Infectious diseases expert Professor Paul Tambyah says that while the measures may not have a “major impact” on the situation, it does “buy time”.
In a live interview with TOC Editor in Chief Terry Xu on Saturday, 15 May, the Senior Consultant in the National University of Hospital’s Infectious Diseases Division in the Department of Medicine touched on a wide variety of issues pertaining to the COVID-19 pandemic from the effectiveness of various policies in measures implemented in Singapore as well as the vaccines.
When asked about his views on the recent enhanced measures implemented in Singapore following an increase in unlinked community cases, Prof Tambyah explained: “I think this is what happened last year with the circuit breaker, you know, that the (Health) Minister at the time (Gan Kim Yong) pointed out that the point of a circuit breaker is to allow you to have some time to try and fix the situation.
“So there are multiple active clusters. Some of the source patients for the clusters, we don’t know where they came from, in particular the Tan Tock Seng (Hospital) cluster, which is the largest cluster before the Changi Airport cluster,” he said, adding that further investigation is needed to pinpoint the exact index patients in both clusters.
He added that shutting things down or coming close to that via the circuit breaker measure last year will “naturally slow down cross-infection”.
“So you know, when you stay at home, you’re not going to spread your infection to another home,” he said.
However, the circuit breaker may pose challenges or risks to people living in high-density spaces.
Prof Tambyah said, “Unfortunately, if you’re infected, you’re going to spread it to everybody at home … If your home has got two people or four people, it’s not a big deal, but if you got a hundred people living in one block or one floor, or 25 people living in one room … a very large proportion of them are going to get infected.”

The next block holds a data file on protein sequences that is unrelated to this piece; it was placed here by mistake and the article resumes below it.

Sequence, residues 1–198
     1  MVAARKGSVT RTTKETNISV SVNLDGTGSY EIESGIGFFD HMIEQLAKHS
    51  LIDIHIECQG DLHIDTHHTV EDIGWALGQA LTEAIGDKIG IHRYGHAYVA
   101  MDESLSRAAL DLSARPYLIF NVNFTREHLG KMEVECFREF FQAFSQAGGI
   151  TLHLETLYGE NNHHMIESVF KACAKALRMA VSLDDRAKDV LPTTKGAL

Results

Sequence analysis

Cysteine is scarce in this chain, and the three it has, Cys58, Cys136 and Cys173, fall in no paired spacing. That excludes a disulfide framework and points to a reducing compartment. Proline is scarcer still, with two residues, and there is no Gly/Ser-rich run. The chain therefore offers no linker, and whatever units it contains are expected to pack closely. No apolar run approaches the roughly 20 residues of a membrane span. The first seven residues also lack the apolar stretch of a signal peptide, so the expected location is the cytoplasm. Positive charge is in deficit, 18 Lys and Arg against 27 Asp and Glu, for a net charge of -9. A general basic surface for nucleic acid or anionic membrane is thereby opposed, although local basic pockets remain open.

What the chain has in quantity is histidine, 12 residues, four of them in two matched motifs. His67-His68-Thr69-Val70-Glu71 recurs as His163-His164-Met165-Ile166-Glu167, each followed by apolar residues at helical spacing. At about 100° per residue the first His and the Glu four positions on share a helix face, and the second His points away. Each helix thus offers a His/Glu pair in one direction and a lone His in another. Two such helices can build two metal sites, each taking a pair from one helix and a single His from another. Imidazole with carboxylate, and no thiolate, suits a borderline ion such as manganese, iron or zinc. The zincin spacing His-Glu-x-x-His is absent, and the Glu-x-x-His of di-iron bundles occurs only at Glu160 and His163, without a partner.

“We’ve learned a lesson about locking large numbers of people into their own home, and hopefully, you know, we won’t have the same problem this year.”
Speaking on the TTSH cluster, Prof Tambyah noted that it was “premature and unfair” to present the nurse as patient zero, since at least one or two patients were infected before she was. One of these patients, he pointed out, had even developed symptoms at least a week before she did.
“So it’s most likely that the nurse got infected from one of the patients,” said Prof Tambyah.
He added, “Somebody at the beginning of the outbreak, maybe in the third or fourth week of April, who was shedding large amounts of virus and caused a number of the patients to be infected and a small number of the staff.”
He added that it is a concern that we don’t know how the patient could have gotten infected as they could have a child “who is flight attendant with some airline and then this person has gone off to seed a cluster somewhere else.”
“So I think that’s one of the key challenges that need to be addressed during the Phase Two restrictions,” added Prof Tambyah.
As to what he might have done differently if he were indeed been appointed into the Multi Ministry Task Force, Prof Tambyah said that moving forward, he would “critically evaluate” the measures implemented about a week or two after it begins to see how effective they are.
He also stressed that he would make the data widely available to members of the public and the wider scientific community.
On top of that, Prof Tambyah said that he would “be frank with Singaporeans” on what the government’s approach is, be it a zero-COVID or living-with-COVID strategy, and what that would cost.
Prof Tambyah went on to note that the government is already trying to accelerate the vaccination programme but that there are constraints with supply.
On this note, he said he thinks that if the World Trade Organisation does in fact suspend the patent for the vaccine in India and Africa, it would enable them to manufacture enough vaccines for the world as they have that capacity.
He stressed that if the WTO could be persuaded to do that, “the epidemic could be brought under control.”
When asked when he thinks Singapore would be able to go back to normal, Prof Tambyah candidly noted that his “not very optimistic” prediction would be next year, though it could be sooner if the WTO suspends the vaccine patent.
While there is a chance that the vaccines could help bring the pandemic under control, this is difficult given how slow the vaccine rollout is in many bigger countries like India and China, and many parts of eastern Europe.
Prof Tambyah explained that no one is safe until everybody is safe and that this is “explicitly true about Singapore” given the country’s openness.
“Even now with the ban on travellers, we still had to make exceptions for construction, marine, processes and domestic workers because we are just so dependent on them, so there’s always of risk of leakage coming out unless we can succeed in providing vaccines for all the origin countries,” he added.